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Downloadable Guns


Downloadable Guns

What is the problem?

Downloadable guns, or 3-D printed guns, are serious threats to our communities. With a 3-D printer and access to the computer schematics, anyone can build an untraceable firearm without a background check.

Anyone can print their own firearm or the parts for the firearm with a commercially available 3-D printer. All they need is the computer code, a printer, and the plastic printing materials—no background check required. These plastic guns can evade metal detectors and exist completely outside the federal firearms licensee system.1US Department of Justice, Office of the Inspector General, “Audit of the Bureau of Alcohol, Tobacco, Firearms, and Explosives’ Monitoring of 3-D Firearm Printing Technology,” December 2021, This makes it easy for individuals to carry these firearms with them anywhere, any time.

The Trump Administration,2US Department of State, “International Traffic in Arms Regulations: U.S. Munitions List Categories I, II, and III,” Federal Register 85, no. 15 (January 23, 2020): 3819–33, however, moved to remove downloadable guns from the United States Munitions List and make the computer code widely available to anyone—prohibited purchasers, children, and foreign terrorists—anywhere. 

The Biden Administration should return 3-D printed firearms to the United States Munitions List to once again regulate the computer code required to make them. Congress should pass the 3D-Printed Gun Safety Act,3S.1819 – 3D Printed Gun Safety Act of 2023, 118th Congress (2023-2024), which would make it unlawful to intentionally distribute the digital instructions that program 3-D printers to make firearms online—once and for all. In addition, Congress should reauthorize4In 2024, the Undetectable Firearms Act was reauthorized through 2031, after which it will require another reauthorization. Brian Freskos and Alain Stephens, “Congress Renews Ban on Undetectable Firearms,” The Trace, March 12, 2024, and strengthen the Undetectable Firearms Act5H.R.4445 – Undetectable Firearms Act of 1988, 100th Congress (1987-1988),—the law that bans plastic firearms. States should also take immediate steps to regulate 3-D printed guns and the plans necessary to make them.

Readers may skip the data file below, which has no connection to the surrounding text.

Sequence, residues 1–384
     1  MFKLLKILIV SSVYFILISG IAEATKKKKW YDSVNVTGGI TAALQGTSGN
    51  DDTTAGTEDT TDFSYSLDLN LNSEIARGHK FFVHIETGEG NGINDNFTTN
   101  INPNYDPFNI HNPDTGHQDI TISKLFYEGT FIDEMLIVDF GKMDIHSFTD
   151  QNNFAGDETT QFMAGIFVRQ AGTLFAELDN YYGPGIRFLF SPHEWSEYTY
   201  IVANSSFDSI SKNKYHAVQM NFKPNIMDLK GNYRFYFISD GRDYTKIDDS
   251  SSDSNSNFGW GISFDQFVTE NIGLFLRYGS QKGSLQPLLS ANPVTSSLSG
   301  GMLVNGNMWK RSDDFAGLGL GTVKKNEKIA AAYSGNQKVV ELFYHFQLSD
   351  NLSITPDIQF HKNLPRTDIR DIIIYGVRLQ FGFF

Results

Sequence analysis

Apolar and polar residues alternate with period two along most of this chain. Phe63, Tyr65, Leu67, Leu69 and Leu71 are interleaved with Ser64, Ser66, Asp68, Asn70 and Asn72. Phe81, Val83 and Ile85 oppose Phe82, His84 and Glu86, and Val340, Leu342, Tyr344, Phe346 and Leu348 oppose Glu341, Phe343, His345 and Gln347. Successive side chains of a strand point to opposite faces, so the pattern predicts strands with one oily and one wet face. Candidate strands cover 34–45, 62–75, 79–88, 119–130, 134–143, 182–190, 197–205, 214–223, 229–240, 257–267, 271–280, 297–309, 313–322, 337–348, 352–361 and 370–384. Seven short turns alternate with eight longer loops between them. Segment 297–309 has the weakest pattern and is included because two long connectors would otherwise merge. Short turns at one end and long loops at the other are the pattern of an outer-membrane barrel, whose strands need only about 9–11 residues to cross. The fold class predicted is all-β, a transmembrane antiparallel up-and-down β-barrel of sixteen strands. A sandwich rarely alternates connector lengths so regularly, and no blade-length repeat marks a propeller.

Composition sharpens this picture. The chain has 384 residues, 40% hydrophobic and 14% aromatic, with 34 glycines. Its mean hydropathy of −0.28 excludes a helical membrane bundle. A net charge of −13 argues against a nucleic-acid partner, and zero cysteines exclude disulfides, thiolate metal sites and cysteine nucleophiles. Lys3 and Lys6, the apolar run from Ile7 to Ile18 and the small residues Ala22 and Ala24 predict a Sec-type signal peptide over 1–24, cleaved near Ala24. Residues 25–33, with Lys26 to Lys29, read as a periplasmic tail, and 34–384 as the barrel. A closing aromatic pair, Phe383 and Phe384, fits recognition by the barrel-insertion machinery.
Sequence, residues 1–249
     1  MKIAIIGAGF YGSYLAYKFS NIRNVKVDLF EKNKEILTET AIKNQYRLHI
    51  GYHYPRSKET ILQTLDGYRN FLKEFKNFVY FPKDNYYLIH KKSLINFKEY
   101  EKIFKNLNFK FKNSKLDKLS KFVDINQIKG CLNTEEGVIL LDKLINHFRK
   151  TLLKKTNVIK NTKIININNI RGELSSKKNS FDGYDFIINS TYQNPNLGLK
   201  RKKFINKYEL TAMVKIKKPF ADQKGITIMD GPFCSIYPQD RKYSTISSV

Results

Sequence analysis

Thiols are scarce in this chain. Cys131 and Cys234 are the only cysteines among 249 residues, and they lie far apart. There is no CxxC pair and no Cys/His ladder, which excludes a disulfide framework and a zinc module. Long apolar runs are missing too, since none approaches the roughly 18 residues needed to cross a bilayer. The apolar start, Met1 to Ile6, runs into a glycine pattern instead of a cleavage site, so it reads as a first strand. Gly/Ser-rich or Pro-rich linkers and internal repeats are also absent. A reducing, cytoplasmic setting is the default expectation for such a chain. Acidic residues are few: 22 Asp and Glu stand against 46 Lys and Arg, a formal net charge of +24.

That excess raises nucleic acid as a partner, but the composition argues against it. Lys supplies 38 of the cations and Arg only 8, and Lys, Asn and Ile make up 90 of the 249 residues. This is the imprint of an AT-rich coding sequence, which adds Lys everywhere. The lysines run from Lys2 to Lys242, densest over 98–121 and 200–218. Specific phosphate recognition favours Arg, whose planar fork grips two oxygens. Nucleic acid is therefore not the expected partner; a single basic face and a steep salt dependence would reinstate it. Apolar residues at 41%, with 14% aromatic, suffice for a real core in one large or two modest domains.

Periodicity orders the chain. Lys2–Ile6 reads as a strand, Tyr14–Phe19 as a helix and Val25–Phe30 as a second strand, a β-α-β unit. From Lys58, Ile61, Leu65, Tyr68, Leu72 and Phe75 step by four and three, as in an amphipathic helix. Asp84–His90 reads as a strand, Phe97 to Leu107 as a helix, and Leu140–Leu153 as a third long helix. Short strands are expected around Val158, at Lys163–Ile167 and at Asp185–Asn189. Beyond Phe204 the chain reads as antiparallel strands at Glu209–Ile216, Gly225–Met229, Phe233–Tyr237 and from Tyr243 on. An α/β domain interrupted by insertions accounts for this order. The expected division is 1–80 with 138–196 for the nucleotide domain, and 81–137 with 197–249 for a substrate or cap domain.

Downloadable gun

Do-it-yourself, downloadable guns are incredibly dangerous.

A downloadable gun

Why is it an issue?

Downloadable guns are a threat to public safety.

Not only do plastic firearms easily pass through metal detectors, but these downloadable guns undermine laws that block gun access to domestic abusers and violent extremists. Downloadable guns allow people to own guns without undergoing a background check. This puts communities in danger. 3-D printed guns are “ghost guns.” They have no serial number. This makes it impossible for law enforcement to trace 3-D printed guns if they’re used in crimes. In other words, they’re a gun trafficker’s dream. While we don’t know how many 3-D printed guns are in circulation, we do know ghost guns as a whole comprise a significant proportion of the crime guns recovered by law enforcement.1ATF, “National Firearms Commerce and Trafficking Assessment (NFTCA),Volume II: Crime Gun Intelligence and Analysis—Part III: Crime Guns Recoveredand Traced within the United States and Its Territories,” January 2023, Following the finalization of the ATF rule regarding the definition of frames and receivers,2US Department of Justice and Bureau of Alcohol, Tobacco, Firearms and Explosives, “Definition of ‘Frame or Receiver’ and Identification of Firearms,” Federal Register 87, no. 80 (April 26, 2022): 24652–749, some ghost gun sellers shifted to offering 3-D printing files for frames and receivers along with the rest of the parts necessary to build untraceable guns. Without the right protections in place, downloadable guns will become an insidious source of violence in this nation.

By the numbers

You might be wondering…

  1. 1 Do plastic guns even work?
  2. 2 Are downloadable guns considered to be ghost guns?
  3. 3 Why did the Trump administration decide to move jurisdiction over downloadable guns away from the State Department?
  4. 4 Is there proof that people who are not allowed to have guns are printing guns?
  5. 5 Isn’t the technology for 3-D printing guns too expensive to pose a risk?
  6. 6 Are 3-D printed guns illegal?